Flying a drone in Spain (legally) is more complicated than many assume. In fact, very few countries have stricter regulations toward the use of a drone in the country. But… where exactly can you fly them? For all of you wanting to skip the boring stuff, go directly to the DO’s and DONT’s
If you flown a drone before 2014, you belong to the few that enjoyed the freedom of the Wild West. You could capture some excellent videos such as birds-eye views of football stadia and beaches. There were no fines and the rules were simple: stick to the legal flying places.
2015 changed it all, so be careful if you read articles issued before that year. The Spain’s ruling of drone laws in 2015 kicked in, establishing fines of circa €400,000.
Why? Spain deem the art of flying a drone to be dangerous, reminiscent of drones used in wars. To protect the nation from any incoming terrorist attack, various military forces are constantly watching the air for any suspicious activity. If your drone shows up, it could put the country on red alert and waste valuable governmental resources in preventing a false attack. And for those who think that Spain’s rules are a case of all bark, no bite: the Spanish government has collected almost €2 million from drone fines alone since 2015. No joking. Be careful!
Now, there are differences between private drone flying and commercial usage. The problem here is that as a private user, you can’t sell your aerial photos and videos without having a license, security, and official permission from the AESA (Agencia Estatal de Seguridad Aerea). To get permission, write an email to email@example.com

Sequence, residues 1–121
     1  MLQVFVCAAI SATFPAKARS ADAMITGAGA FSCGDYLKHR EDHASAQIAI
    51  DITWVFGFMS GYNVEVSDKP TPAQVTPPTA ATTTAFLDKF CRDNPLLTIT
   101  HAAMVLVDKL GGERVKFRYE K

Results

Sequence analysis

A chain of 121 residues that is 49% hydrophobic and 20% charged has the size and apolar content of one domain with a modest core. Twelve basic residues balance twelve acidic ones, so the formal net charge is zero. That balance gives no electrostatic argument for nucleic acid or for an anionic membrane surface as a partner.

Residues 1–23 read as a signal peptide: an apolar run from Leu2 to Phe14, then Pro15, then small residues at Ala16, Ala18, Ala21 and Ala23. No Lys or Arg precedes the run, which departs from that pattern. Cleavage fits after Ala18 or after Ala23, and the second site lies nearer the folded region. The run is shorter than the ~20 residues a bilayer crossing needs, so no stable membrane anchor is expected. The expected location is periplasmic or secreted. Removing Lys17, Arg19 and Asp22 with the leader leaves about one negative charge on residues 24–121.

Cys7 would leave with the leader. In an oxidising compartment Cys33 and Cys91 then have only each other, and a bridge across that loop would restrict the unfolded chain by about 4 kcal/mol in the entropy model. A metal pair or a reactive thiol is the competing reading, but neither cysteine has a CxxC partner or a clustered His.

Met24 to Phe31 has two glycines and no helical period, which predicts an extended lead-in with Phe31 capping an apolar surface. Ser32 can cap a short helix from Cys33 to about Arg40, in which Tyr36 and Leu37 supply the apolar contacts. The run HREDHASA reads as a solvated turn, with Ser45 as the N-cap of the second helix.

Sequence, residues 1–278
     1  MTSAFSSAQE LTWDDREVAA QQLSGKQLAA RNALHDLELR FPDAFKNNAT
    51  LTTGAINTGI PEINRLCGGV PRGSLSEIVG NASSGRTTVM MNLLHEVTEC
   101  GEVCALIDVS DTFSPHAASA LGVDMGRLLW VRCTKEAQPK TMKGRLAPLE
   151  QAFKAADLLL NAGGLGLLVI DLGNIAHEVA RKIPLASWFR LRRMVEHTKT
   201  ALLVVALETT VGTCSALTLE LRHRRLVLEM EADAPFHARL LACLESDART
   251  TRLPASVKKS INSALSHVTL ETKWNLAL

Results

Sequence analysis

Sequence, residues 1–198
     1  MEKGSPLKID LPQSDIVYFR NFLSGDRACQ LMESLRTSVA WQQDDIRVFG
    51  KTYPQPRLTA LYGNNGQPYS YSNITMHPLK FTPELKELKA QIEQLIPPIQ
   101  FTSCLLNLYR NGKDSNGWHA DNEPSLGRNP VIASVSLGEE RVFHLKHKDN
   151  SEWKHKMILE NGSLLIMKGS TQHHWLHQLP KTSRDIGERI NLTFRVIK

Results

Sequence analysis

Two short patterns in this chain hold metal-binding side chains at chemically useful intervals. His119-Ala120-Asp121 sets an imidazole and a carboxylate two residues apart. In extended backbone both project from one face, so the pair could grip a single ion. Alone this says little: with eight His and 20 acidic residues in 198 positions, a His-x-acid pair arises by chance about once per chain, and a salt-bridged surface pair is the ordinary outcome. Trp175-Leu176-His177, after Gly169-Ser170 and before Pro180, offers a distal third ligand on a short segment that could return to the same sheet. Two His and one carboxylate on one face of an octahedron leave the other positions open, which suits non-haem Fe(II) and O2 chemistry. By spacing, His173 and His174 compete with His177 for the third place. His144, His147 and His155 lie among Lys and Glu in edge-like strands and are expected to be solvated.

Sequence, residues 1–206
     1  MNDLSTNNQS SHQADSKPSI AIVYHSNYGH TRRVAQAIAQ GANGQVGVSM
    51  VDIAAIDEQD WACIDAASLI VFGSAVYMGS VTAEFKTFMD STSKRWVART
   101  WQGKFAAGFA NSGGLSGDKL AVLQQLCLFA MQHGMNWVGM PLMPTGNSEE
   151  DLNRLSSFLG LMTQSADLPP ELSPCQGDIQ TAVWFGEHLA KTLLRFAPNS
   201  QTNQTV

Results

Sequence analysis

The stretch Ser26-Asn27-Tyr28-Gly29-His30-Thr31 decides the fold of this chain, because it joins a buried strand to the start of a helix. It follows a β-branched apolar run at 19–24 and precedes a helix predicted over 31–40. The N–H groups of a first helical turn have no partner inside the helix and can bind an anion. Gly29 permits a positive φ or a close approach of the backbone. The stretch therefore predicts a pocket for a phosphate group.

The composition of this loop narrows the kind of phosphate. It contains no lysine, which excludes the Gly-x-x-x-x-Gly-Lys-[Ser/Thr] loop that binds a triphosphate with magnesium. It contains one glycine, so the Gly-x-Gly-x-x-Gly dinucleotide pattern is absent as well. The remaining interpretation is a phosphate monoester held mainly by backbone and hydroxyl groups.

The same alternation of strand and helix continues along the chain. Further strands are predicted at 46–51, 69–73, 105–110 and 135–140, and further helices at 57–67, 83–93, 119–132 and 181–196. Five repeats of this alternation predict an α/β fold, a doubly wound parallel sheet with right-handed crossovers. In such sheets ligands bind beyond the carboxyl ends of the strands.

Where can I fly my Drone?
No big deal here. I recommend you going straight to IcarusRPA, a Spanish webpage with a map that outlines all the (many!) forbidden zones.
Flying a drone in Spain for private usage
Important! Do not try to fly your drone over populated areas as you’ll be on the cards to get fined or even detained. See the Barcelona’s detailed map below? All the city air space is banned to drone flying, even the mountains behind the city…
Can I capture footage with my Drone?
It depends. From a legal point of view, you can only capture footage if you are authorised by the AESA. This is big stuff, as the Spanish public administration is not as flexible as it should be.
In the real world, my advise is: stick to small areas that are not populated highly, don’t stick too close to the ground, yet don’t fly at an obscenely high altitude. You have to know your limitations. You could possibly fly around your back yard, garden or even a park. Anything more than that and Spain’s tough law system could crack down on you and, looking at their track record, there would be no issue in them doing so.